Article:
Here’s a surprising fact about Kaci Hickox: Before she became the poster woman for Ebola hysteria across the United States, she had hoped to land a job as an epidemiologist for the Maine Center for Disease Control and Prevention.

Here’s a not-so-surprising update: Hickox no longer wants the job.

“I would not work for the state health department here. Sorry,” Hickox said during a visit, along with her boyfriend, Ted Wilbur, to the Portland Press Herald on Monday. “And they probably would not hire me.”

Which, believe it or not, is our loss.

With the Maine CDC currently running on fumes – no state epidemiologist, no deputy epidemiologist, no hepatitis coordinator and more than a quarter of the state’s 50 public health nurse positions vacant – Hickox is far more qualified to run the state’s infectious-disease unit than CDC Director (and acting state epidemiologist) Dr. Sheila Pinette.

Pinette, an internist, had no public health experience whatsoever before she was appointed by Gov. Paul LePage back in 2011.

Hickox, on the other hand, has a master’s degree in public health and nursing from Johns Hopkins University, two years of training as an epidemiology intelligence officer with the U.S. CDC, and more on-the-ground experience dealing with the deadly Ebola virus than anyone else in the state she still calls home.

That’s right. Nurse Hickox is still here. And for the time being, she’s staying put.

“I don’t have a job yet,” said Hickox. “I’m still searching.”

It’s been eight days since Hickox’s battle of wills with the LePage administration – and before that, with New Jersey Gov. Chris Christie – ended quietly with the expiration of a court order suggesting (but not requiring) that she keep a low profile at her and Wilbur’s rented home in Fort Kent. The 21-day period since Hickox’s last exposure to the Ebola virus in Sierra Leone ended Nov. 10, vindicating her claim since Day One that she was not sick and thus should not be treated like a modern-day leper.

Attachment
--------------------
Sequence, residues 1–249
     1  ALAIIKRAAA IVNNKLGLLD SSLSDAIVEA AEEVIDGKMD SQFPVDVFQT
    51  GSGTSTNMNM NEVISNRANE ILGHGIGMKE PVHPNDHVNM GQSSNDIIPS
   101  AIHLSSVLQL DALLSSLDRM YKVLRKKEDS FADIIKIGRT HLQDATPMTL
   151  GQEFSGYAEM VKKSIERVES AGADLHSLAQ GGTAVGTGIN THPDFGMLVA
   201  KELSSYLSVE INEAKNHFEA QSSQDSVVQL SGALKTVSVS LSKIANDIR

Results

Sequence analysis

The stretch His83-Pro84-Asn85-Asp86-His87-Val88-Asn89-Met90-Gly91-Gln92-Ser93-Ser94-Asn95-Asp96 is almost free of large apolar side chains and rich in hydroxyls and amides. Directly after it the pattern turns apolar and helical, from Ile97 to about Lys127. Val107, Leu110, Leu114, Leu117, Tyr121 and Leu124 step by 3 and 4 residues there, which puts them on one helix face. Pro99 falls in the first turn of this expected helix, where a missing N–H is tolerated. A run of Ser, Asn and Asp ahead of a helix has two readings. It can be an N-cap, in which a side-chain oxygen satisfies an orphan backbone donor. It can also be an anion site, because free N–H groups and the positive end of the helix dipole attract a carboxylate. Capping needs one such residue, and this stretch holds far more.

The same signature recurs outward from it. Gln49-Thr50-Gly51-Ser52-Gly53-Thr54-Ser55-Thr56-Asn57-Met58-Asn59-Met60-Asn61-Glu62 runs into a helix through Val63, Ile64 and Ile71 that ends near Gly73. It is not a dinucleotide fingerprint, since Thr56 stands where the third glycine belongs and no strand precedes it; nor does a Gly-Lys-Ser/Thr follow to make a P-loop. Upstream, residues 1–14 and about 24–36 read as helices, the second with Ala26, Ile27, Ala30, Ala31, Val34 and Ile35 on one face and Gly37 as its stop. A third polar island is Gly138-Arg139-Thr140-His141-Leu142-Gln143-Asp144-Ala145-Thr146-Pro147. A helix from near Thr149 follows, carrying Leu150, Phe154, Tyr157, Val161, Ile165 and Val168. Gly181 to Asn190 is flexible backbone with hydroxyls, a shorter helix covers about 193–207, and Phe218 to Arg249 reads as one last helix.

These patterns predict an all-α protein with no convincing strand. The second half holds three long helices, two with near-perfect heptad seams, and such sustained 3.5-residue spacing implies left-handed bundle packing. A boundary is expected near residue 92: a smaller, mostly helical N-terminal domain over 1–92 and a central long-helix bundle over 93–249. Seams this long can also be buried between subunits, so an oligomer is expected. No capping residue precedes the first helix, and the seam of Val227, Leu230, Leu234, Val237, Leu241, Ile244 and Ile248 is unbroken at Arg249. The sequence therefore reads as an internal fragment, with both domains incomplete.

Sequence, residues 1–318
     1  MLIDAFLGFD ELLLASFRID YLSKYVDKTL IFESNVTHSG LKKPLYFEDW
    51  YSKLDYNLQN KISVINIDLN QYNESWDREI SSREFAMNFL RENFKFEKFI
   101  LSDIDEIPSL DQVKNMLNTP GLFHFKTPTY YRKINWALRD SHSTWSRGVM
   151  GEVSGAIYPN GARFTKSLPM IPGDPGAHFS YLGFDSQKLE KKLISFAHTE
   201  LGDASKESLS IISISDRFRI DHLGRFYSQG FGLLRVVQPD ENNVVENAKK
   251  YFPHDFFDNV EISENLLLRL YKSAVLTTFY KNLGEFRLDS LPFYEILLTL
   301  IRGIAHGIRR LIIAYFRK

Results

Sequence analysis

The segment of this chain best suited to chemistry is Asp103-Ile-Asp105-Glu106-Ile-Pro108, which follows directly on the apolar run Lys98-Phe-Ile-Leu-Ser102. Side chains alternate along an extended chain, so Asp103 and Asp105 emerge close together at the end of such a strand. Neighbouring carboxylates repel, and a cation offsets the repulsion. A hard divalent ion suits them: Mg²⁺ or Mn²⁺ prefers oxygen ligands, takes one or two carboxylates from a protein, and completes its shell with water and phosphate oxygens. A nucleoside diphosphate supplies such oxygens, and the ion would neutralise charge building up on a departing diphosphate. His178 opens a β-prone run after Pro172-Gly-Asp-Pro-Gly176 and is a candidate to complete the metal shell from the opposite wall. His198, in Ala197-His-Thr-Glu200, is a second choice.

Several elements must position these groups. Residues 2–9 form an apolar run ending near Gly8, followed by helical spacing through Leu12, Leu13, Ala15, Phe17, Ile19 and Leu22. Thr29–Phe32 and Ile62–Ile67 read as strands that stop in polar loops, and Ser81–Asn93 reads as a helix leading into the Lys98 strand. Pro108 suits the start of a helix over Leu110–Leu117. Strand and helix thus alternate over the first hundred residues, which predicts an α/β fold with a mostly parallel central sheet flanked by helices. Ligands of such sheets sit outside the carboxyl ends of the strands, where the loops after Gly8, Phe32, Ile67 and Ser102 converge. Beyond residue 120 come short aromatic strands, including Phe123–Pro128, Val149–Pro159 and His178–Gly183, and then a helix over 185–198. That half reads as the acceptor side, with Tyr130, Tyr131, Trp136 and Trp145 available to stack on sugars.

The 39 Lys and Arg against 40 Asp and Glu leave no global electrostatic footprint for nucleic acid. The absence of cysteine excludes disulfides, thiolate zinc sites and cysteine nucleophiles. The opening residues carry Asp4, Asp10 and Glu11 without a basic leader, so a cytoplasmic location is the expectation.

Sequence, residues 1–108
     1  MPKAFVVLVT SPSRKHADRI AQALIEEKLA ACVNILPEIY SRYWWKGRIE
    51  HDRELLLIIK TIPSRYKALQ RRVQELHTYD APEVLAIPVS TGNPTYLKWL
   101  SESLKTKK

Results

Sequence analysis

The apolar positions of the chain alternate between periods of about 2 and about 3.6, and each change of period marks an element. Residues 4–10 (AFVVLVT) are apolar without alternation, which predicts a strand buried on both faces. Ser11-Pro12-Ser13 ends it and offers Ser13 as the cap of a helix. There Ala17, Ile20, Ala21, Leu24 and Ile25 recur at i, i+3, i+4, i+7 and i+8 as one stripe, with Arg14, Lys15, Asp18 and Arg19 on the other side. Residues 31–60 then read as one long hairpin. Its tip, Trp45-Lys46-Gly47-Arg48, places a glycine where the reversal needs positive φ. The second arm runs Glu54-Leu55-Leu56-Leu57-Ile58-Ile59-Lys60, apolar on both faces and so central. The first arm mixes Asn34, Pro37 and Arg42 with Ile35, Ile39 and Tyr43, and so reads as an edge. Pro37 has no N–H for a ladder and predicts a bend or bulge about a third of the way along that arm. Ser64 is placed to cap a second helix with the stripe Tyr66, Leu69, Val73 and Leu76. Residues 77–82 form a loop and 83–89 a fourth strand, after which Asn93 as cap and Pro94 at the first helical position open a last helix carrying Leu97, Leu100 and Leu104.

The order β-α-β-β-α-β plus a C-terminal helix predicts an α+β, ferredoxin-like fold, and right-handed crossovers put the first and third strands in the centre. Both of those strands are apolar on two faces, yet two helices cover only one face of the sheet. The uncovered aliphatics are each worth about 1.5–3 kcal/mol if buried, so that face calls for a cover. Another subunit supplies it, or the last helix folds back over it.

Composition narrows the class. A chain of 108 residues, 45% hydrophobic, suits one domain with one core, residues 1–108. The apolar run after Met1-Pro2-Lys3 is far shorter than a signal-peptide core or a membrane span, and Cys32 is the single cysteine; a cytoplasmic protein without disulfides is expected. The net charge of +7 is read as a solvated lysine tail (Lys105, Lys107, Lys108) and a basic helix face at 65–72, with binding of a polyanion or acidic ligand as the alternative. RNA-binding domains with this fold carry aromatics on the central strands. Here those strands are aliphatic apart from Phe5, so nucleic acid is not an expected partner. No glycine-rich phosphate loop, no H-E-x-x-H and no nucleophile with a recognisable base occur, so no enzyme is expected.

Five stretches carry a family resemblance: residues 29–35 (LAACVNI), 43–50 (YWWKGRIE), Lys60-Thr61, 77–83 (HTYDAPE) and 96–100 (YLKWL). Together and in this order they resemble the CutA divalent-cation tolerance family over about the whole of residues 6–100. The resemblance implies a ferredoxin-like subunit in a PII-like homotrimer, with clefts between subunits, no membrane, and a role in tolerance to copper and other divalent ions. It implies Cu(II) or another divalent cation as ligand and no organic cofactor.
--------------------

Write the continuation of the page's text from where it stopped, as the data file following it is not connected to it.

In recent days, Hickox and Wilbur have moved out of Fort Kent and in with relatives in Freeport. Wilbur, who was enrolled in a nursing program at the University of Maine at Fort Kent before officials there declared him persona non grata as long as Hickox was in isolation, now hopes to complete his nursing degree at the University of Southern Maine.

“We’re trying to find a place to live around Portland,” said Wilbur, adding with a smile, “You know anyone?”

So ends, we can only hope, a saga that never should have become a global news story in the first place.

Less than a month ago, an unknown Hickox arrived at Newark Liberty International Airport after a four-week stint supervising the Bandajuma Case Management Center in Bo, Sierra Leone.

One minute, an airport worker with a forehead scanner was mistaking her slightly elevated skin temperature for an Ebola-induced fever. The next, Hickox was in an isolation tent outside a New Jersey hospital while Christie went about rebranding her as Public Health Enemy No. 1.

Never mind that she wasn’t even sick. Christie had a constituency to inflame.

When New Jersey finally bade Hickox good riddance three days later, it was Maine’s turn.

First, the LePage administration announced that Hickox had agreed to a voluntary 21-day quarantine. She had agreed to no such thing.